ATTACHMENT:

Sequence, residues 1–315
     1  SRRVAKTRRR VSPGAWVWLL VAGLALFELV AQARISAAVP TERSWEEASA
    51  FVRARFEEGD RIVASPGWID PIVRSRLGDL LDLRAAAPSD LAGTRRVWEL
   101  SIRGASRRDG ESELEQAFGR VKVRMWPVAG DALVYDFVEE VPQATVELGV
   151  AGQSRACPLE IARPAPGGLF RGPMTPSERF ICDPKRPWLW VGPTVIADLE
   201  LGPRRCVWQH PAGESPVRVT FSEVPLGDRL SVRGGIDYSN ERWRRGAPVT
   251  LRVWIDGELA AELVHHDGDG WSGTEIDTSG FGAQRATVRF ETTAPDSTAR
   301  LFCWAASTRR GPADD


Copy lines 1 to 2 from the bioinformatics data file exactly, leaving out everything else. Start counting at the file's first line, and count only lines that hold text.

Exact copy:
Sequence, residues 1–315
     1  SRRVAKTRRR VSPGAWVWLL VAGLALFELV AQARISAAVP TERSWEEASA